Spring is the season of the optimist and how could it not be? My Lenten Rose produced one beautiful bloom in the snow, I hear birds singing in the morning now and yesterday I found the very first crocuses for the year.
Yes, spring really is the season of the optimist and no one is more optimistic than the farmers working in their fields.
As you drive by and see field after field being plowed, disked, fitted and planted, do you realize just how much hope has to be planted with each seed?
Even with all of our modern technology such as knowing the exact soil analysis of each field with a soil sample, using the correct amount of lime and fertilizer, choosing the best seed variety for our area, and controlling grass and weeds, the farmer still has to rely on the current economic situation and Mother Nature for a good year.
It can be so wet that seeds rot in the ground; it can frost in May and kill the three inch high corn. There might be a huge storm with wind and hail in July that damages the corn leaves. This year could be like last summer with not enough rain to produce a decent hay crop. Or we could get so much rain in the fall that it’s impossible to get the corn combined at all. It might be such a good year for soybeans that the market is flooded and the price drops far below what it cost to plant them.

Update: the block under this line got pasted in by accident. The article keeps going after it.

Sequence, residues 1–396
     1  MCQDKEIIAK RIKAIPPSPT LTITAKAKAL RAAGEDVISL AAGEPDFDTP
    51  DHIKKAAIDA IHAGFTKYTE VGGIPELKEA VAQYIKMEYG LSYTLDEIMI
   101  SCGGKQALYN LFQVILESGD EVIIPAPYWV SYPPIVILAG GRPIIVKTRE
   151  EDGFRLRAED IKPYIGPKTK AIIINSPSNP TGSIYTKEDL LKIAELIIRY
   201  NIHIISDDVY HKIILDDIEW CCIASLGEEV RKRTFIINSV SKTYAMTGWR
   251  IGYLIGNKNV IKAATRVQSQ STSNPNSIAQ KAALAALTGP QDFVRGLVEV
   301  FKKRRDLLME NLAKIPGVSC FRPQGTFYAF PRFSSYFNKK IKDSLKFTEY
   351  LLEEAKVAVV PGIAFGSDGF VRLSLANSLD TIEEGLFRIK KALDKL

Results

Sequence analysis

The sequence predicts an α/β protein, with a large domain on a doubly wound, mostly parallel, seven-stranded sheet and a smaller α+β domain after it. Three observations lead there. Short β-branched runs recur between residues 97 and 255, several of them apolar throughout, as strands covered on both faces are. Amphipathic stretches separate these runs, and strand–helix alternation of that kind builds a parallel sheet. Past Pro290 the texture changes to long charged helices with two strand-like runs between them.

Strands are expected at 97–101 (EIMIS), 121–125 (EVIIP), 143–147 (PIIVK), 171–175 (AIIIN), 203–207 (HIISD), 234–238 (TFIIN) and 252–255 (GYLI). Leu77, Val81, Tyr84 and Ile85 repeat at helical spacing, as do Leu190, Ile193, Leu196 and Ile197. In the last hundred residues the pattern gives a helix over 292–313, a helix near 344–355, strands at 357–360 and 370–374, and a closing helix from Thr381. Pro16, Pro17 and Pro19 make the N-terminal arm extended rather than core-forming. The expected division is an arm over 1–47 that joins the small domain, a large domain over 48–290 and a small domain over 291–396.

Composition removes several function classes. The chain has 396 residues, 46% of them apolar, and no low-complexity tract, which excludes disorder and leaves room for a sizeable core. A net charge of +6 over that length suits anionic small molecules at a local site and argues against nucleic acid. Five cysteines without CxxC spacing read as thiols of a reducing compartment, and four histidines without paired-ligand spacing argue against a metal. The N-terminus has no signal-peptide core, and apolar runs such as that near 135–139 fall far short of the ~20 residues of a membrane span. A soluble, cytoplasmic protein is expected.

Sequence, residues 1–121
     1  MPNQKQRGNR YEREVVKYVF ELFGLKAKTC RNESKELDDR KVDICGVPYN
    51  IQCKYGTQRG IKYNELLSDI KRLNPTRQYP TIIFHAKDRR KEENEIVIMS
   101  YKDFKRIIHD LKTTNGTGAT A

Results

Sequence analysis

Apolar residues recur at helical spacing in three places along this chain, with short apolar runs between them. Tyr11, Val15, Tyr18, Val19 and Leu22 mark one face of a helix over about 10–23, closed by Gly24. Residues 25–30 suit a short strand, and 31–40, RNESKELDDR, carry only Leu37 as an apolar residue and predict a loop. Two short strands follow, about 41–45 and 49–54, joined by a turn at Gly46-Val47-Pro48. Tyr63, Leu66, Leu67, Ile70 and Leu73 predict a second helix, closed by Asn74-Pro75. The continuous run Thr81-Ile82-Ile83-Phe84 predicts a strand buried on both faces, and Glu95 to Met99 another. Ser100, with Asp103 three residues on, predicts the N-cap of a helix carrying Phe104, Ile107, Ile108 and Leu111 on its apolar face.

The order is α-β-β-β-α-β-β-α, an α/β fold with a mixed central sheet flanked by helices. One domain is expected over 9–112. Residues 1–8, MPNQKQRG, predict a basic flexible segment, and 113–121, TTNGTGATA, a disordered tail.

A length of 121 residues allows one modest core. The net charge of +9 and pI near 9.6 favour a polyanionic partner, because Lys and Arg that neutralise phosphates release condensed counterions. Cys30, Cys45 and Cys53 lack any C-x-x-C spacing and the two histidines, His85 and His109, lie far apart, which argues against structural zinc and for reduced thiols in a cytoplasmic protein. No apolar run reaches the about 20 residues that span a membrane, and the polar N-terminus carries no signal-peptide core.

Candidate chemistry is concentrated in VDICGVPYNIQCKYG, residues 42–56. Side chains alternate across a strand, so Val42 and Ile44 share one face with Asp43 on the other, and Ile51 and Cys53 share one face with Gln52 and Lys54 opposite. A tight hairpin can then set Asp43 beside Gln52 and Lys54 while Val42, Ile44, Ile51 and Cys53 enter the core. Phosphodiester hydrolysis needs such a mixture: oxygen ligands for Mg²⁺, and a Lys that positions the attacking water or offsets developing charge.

But right now, since it’s spring and instead of thinking all of those pessimistic thoughts, most farmers are like a little kid who just planted a bean seed in a paper cup and put it on the kitchen windowsill. Every single day they check and hope and watch for it to germinate. Then a single stalk appears; then leaves and finally a plant. It seems like a miracle that something so beautiful and green and full of promise could begin as a small seed and yet it does again and again every spring.
And each and every year the chance comes around for us to help make this miracle happen again – whether in your garden, flowerbed or cornfield. And that’s why farmers are annual optimists – they may be discouraged in the fall over a bad crop or low prices or no rain, but every spring they are back on the tractor, back in the fields, planting crops and saying to themselves, “Now this year is going to be better than last year.”
Kathy Smith is a farm wife from Wayne Township. She writes for the Ashtabula County Farm Bureau.